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Ceredigion : Journal of the Cardiganshire Antiquarian Society


Vol. 10, nos. 1-4 1984-1987

Cardiff tramps, Cardi crews : Cardiganshire shipowners and seamen in Cardiff, c.1870-1950 /

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Cardiganshire Shipowners and Seamen in Cardiff, c. 1870-1950*
During the latter half of the nineteenth century, Cardiff was transformed
from a modest borough town on the banks of the river Taff to one of the
foremost coal-exporting ports in the world. At its commercial peak in
1913, some 10 Y2 million tons of coal were exported from the port to
destinations all over the globe. The provision of ships to handle these vast
quantities of coal attracted seamen and shipowners from all over the
British Isles and further afield to Cardiff: many of them were Welshmen,
and a significant proportion of them came from Cardiganshire. From the
1870s until the 1950s, the 'Cardis' made a significant contribution to
Cardiff's seafaring traditions, with some tramp steamers sailing from the
port at the turn of the century manned to a considerable degree by men
who lived within a few miles of each other in villages such as New Quay
or Llangrannog. It is, moreover, a remarkable fact that no fewer than
four shipping companies established in Cardiff between 1881 and 1903
were founded by master mariners from the village of Aber-porth; few
other villages in Wales could boast such a concentration of entrepre-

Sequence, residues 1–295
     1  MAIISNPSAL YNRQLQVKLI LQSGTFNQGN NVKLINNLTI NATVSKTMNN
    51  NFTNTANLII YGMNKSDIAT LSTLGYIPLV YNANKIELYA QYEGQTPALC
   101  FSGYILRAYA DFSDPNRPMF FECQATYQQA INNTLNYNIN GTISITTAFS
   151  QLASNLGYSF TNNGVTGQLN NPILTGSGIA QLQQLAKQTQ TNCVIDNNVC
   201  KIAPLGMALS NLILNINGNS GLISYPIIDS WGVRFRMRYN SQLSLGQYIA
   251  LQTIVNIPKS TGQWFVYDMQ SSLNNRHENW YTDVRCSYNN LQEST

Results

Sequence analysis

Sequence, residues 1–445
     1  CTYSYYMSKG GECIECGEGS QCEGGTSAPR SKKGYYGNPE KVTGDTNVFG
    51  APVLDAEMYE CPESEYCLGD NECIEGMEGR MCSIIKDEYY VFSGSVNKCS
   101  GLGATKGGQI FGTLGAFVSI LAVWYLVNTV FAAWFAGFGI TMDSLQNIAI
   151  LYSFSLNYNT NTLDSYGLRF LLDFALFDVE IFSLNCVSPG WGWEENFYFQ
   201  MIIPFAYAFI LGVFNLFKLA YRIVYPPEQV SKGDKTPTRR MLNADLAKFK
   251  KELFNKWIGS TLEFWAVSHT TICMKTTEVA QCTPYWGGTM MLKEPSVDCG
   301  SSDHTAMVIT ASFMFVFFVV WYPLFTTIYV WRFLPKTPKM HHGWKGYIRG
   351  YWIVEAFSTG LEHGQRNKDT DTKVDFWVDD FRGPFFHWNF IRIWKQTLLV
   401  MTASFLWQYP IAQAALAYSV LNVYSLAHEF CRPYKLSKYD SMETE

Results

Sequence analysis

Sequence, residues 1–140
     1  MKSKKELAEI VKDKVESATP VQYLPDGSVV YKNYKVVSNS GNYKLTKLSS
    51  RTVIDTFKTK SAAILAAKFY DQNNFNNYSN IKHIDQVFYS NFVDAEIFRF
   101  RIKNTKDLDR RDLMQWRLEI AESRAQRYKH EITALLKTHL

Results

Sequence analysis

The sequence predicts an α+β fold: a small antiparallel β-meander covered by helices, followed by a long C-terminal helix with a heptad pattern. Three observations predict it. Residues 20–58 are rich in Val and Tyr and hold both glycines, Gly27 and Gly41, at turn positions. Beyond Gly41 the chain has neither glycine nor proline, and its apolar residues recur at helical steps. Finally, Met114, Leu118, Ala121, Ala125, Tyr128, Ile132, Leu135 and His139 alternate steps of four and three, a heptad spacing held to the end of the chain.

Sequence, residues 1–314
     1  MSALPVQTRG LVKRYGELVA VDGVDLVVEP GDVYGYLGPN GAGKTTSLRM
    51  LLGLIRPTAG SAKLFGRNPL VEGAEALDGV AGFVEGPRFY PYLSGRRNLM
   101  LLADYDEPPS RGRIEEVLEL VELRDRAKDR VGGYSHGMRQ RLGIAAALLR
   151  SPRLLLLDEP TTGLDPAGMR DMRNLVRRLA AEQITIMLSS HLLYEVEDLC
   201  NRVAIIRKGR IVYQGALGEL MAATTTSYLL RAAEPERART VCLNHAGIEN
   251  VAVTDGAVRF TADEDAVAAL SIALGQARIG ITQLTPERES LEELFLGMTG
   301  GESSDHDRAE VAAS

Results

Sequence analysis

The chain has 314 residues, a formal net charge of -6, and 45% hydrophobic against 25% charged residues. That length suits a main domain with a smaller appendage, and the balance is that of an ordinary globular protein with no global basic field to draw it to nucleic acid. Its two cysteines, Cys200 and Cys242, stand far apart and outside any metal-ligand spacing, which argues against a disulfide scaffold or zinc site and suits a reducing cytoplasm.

neurialism at that time. It is the aim of this paper to examine this fascinat-
ing episode in the maritime history of Wales, but it is first necessary to
examine briefly the background of the story, both of Cardiff and along the
coastline of Ceredigion.
As a port of national and international significance, Cardiff cannot
boast the same long-established commercial heritage of ports such as
London, Liverpool or Bristol. Until the late eighteenth century, its dock
facilities consisted of little more than a quay on the river Taff in the
vicinity of the present-day National Stadium, a quay that dealt almost
exclusively with the export of agricultural produce from the Vale of
Glamorgan to Bristol. It was the development of the iron industry along
the Heads of the Valleys and the construction of the Glamorganshire
Canal from Merthyr Tudful to Cardiff in the 1790s that provided the
initial stimulus for the improvement of dock facilities at Cardiff. In 1798
Whilst this paper was being prepared for publication, the author was saddened to
hear of the death of Captain Daniel Owen Jenkins of Swansea on 24 July 1987. A
native of Tresaith, Captain Jenkins spent many years serving aboard Cardiff tramp
steamers, including those of Evan Thomas, Radcliffe & Co. His death has left a large
gap amongst the ranks of those few surviving mariners who can recall the hey-day of
Cardiganshire men serving aboard Cardiff tramps, and this paper is respectfully
dedicated to his memory.
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